9. ### gorgon

603
24
Jun 6, 2011
I've no idea what 'trick question' you are talking about here. If 1A flows through R1, you'll have 6V over it. The current through R2 will be 1.5A, a total of 2.5A through in total. Rx need to bleed 4V at 2.5A to get a total of 10V, and should be fairly easy to compute with Ohms law.

10. ### (*steve*)¡sǝpodᴉʇuɐ ǝɥʇ ɹɐǝɥdModerator

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Jan 21, 2010
The diagram is not as clear as it could be.

I presumed that the 1A was flowing through the circuit, not just one of the resistors. It would have been clearer to show it above the resistor, not between them.

The position of Rx is not clearly shown, although the logical place is in series with the rest of the circuit.

11. ### john monks

693
1
Mar 9, 2012
With 10V across R2 you get 10V/4ohm or 2.5A. This current with the 1A going through R1 totals 3.5A. Now you take 10V/3.5A to get Rx. You get 2.857ohms.

12. ### Laplace

1,252
184
Apr 4, 2010
How can you get 10V across R2 and also 10V across Rx?

13. ### (*steve*)¡sǝpodᴉʇuɐ ǝɥʇ ɹɐǝɥdModerator

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Jan 21, 2010
Notice that we don't give answers here. Just help on achieving them.

14. ### Sid723

57
1
Jan 28, 2010
My answer is correct depending on how the original problem is supposed to be interpreted.

Notice, I did not show how the answer was derived. If the problem is interpreted the way I say, then the answer I gave will be derived.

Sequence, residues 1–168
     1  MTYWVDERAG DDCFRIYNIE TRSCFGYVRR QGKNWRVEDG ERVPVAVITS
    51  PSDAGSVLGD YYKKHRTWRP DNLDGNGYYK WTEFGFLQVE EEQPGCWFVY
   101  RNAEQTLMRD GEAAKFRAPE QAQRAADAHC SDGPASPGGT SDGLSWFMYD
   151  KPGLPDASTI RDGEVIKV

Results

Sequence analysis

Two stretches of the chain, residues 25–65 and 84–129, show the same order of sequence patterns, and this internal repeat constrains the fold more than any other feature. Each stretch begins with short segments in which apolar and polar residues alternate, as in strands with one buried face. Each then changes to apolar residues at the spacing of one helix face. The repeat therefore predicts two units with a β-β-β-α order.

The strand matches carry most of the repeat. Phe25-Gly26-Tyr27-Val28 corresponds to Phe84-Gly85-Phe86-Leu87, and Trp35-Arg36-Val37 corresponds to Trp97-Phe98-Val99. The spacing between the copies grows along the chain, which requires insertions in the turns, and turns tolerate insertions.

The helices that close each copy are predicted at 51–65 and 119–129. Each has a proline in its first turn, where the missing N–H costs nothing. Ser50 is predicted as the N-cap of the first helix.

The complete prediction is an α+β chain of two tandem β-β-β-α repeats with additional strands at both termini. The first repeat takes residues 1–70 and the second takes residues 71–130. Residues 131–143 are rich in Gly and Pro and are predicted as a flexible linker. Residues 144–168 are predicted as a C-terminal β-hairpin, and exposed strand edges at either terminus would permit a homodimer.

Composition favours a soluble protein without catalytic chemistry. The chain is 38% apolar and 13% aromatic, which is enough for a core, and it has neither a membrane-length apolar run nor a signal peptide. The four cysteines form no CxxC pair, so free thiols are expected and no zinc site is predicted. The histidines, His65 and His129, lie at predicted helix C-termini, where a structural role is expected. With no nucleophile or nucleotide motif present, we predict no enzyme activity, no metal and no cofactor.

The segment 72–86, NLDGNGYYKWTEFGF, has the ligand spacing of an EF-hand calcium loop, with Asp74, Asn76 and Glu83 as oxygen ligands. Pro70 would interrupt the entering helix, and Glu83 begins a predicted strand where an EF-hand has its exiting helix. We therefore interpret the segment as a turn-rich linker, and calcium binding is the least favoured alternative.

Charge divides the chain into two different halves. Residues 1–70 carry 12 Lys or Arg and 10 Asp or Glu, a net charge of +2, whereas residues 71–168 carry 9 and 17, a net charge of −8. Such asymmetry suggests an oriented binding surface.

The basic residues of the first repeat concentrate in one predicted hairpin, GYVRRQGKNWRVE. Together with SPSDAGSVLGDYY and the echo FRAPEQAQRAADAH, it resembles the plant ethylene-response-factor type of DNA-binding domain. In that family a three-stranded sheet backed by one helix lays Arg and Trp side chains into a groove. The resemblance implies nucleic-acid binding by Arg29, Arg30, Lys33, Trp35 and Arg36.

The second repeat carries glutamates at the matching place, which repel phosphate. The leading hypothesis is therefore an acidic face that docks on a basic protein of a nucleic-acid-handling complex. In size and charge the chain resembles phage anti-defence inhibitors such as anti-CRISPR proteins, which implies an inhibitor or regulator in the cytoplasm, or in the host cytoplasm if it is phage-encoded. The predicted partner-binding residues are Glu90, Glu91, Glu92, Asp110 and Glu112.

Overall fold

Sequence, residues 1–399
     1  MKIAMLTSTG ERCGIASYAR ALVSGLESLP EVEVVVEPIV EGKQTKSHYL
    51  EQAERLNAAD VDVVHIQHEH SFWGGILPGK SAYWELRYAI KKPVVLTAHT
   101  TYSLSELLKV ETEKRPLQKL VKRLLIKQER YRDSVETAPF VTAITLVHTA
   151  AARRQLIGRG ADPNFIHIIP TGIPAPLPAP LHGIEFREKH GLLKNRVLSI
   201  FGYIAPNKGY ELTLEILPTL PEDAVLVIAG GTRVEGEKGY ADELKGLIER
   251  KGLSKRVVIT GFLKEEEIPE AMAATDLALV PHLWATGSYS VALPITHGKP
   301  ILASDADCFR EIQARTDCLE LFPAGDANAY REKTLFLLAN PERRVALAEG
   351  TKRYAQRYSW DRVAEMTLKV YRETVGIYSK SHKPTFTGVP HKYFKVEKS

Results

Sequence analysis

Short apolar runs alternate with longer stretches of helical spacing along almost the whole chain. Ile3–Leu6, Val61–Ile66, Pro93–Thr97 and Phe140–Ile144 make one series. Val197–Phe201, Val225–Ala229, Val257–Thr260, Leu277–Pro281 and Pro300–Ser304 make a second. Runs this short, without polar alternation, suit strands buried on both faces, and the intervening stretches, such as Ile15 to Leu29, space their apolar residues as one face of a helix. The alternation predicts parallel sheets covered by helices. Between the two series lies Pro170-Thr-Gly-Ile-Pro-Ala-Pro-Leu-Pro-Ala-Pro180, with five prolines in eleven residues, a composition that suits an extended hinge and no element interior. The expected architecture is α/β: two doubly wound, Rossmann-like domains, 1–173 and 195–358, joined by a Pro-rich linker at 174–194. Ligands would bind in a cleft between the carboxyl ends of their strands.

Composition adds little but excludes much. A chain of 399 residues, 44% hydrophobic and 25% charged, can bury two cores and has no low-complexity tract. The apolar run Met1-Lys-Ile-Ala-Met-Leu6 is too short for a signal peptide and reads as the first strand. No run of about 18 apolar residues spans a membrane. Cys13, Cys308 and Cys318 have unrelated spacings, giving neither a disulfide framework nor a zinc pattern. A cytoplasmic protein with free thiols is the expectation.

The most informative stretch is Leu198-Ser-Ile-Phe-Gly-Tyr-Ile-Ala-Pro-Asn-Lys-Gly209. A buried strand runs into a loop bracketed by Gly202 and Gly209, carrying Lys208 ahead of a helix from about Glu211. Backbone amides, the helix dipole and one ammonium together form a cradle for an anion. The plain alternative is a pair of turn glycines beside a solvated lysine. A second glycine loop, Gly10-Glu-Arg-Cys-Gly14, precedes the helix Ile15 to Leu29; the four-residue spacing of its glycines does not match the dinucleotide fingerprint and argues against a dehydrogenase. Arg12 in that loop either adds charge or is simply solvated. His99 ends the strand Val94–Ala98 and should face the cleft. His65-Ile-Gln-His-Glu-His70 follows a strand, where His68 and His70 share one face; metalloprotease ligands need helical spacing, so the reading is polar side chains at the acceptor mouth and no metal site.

In any case, the problem is flawed in how it was written, so it doesn't matter if the answer was given for a flawed problem or not.

15. ### (*steve*)¡sǝpodᴉʇuɐ ǝɥʇ ɹɐǝɥdModerator

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Jan 21, 2010
I think we can agree that the original problem is this:

From this, you can calculate the voltage across R1 and therefore the voltage across R2 and Rx.

From the voltage across R2 you can calculate the current through R2.

Using this information you can calculate the current through Rx. Since you also have the voltage across it, you can calculate the resistance.

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16. ### Sid723

57
1
Jan 28, 2010
@Steve:
That is how I interpreted the problem. Although the RX symbol is not shown in the original circuit and so it gives the impression that 10 volts is across R1 and R2. That is how the original circuit confuses everyone.

@Reldar:
So, is Steve's new circuit diagram what the original circuit should have been? You may want to recheck your source for the original circuit diagram to see if it matches.

17. ### Sid723

57
1
Jan 28, 2010
Now that I slept on it, this is what I believe this problem was originally intended to say:

Find what the "Internal" resistance (Rx) of the power source would be if 10 volts was applied to the circuit from that source.

Make sense now?